It may be precisely because of the odds mounting against them that Isis operatives have struck or so many times in recent weeks—the Russian airline, Paris, Beirut—and may be planning new attacks in Brussels or the U.S.

According to a New York Times analysis, nearly 1,000 deaths have caused by Isis outside Iraq and Syria so far in 2015. A former CIA official told the paper the group is moving beyond inspiring “lone wolf” attacks by sympathizers, and now seems to have the ability to coordinate its own operatives.

It remains to be seen if this power could withstand the disruption of focused attacks by a coordinated coalition of enemies, which could break off communication from the stronghold in Raqqa, Syria, to its operatives abroad. Perhaps in the best case scenario, such force reverts Isis to inspiring the lone wolves again through brutal videotapes and fundamentalist rantings, and there will be fewer recruits if they see the cause losing steam rather than ascendant.

But if inciting a global, apocalyptic war is a key goal of Isis, uniting some of the most disparate powers can achieve exactly the opposite effect.

To achieve this coalition, western powers must step up their efforts to convince Arab powers to take an active role, not just cheerlead, meaning, troops and logistical support, including use of airspace and bases. It should not be the job of French or American troops to clean up their neighborhood for them. A key strategy for Isis is to rely heavily on fence-sitters to be scared into silence and inaction.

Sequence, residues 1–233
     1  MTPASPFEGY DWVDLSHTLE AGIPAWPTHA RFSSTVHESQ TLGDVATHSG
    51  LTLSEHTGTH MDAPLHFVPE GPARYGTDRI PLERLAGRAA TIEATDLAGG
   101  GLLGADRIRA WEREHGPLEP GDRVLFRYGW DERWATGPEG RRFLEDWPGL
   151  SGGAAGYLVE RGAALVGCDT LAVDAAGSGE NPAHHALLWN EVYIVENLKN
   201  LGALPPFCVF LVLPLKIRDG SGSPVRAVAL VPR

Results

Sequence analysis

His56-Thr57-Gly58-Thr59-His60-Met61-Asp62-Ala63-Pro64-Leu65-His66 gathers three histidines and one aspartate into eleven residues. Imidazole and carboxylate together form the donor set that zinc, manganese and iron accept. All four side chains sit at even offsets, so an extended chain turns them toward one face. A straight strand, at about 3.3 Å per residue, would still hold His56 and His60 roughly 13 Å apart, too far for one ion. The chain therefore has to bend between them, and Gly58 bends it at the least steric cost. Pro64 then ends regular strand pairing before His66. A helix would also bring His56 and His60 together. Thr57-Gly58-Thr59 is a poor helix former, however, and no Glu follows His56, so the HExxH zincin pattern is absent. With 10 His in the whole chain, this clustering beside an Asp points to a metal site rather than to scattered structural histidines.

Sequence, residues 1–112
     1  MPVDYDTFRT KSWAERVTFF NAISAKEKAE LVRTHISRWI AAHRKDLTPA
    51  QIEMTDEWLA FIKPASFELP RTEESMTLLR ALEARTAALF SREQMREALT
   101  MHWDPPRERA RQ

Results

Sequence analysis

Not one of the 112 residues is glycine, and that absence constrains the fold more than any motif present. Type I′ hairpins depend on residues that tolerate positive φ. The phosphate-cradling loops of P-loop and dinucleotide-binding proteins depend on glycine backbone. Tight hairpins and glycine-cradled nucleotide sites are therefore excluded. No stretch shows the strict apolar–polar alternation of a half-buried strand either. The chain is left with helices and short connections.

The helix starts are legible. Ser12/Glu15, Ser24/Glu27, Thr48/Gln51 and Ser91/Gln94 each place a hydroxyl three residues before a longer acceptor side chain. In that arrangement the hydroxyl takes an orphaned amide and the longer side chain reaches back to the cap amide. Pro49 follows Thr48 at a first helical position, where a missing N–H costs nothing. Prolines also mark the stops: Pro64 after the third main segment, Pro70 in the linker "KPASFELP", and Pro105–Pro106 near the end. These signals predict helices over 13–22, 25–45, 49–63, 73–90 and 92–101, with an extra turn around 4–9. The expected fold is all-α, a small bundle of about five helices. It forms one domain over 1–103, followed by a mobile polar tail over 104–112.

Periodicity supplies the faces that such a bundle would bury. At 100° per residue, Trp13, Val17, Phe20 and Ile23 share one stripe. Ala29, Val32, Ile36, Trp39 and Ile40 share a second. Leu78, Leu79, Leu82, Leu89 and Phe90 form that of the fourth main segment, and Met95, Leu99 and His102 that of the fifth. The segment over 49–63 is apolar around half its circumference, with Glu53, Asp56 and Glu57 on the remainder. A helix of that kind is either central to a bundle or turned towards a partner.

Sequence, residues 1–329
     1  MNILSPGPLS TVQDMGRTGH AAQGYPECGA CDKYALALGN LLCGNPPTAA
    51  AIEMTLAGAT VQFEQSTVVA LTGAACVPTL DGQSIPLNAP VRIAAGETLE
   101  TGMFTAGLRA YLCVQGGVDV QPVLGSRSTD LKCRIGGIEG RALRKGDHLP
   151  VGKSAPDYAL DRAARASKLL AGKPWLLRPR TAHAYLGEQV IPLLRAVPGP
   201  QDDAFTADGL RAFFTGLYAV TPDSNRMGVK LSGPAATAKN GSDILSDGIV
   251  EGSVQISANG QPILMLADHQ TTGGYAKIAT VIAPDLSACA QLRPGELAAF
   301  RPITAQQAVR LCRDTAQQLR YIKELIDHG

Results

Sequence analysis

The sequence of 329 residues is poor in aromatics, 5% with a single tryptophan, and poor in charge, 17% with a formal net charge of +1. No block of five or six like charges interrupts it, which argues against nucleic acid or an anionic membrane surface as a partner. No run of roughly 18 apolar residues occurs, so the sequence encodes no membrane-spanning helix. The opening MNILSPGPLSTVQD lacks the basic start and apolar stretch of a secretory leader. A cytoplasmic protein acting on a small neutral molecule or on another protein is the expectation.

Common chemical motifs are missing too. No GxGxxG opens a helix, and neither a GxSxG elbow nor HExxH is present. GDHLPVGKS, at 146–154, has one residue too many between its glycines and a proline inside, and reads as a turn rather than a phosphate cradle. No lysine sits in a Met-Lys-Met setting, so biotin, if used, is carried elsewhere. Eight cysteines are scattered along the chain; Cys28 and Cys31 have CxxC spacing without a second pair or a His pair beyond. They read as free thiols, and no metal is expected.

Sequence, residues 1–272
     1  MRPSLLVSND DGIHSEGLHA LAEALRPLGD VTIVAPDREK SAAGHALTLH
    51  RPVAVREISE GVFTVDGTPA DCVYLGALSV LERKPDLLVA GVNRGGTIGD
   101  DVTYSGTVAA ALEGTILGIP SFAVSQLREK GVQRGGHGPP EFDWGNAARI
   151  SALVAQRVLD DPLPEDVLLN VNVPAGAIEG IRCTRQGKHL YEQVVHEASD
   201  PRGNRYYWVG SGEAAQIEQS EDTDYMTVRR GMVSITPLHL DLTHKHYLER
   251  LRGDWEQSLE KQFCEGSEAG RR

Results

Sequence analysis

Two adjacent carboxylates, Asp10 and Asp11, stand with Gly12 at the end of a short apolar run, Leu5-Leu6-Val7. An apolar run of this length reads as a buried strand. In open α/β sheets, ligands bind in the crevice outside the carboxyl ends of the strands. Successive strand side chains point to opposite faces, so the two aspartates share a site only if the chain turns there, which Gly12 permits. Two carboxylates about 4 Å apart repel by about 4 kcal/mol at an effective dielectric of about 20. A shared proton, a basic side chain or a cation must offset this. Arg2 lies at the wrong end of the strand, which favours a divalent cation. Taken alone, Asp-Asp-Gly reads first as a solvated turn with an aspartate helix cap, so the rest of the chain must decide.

A 2004 manifesto written by the precursor group to Isis, entitled “The Management of Savagery,” as reported in a recent essay by Scott Atran and Nefess Hamid in the New York Review of Books, calls for followers to “diversify and widen the vexation strikes against the Crusader-Zionist enemy in every place in the Islamic world, and even outside if possible, so as to disperse the efforts of the alliance of the enemy...”

Divide and conquer is a time-proven strategy, and it has made Isis more powerful, but as the conflict grinds on, it may backfire as disparate enemies have no choice but to work together.

It may be a long, sad and often terrifying conflict, with no immediate end in sight, and the ideology behind ISIS will never be completely eliminated. But with the right amount of determination and unity a coalition could disrupt its leadership, disperse its elements, dissuade volunteers and, most importantly, save thousands of future innocent lives.

Eli Verschleiser is a financier, real estate developer, and investor in commercial real estate. He is a board member of the American Jewish Congress, co-founder of Magenu.org, and president for OurPlace, a non-profit organization that provides support, shelter, and counseling for troubled Jewish youth. Verschleiser is a frequent commentator on political and social services matters.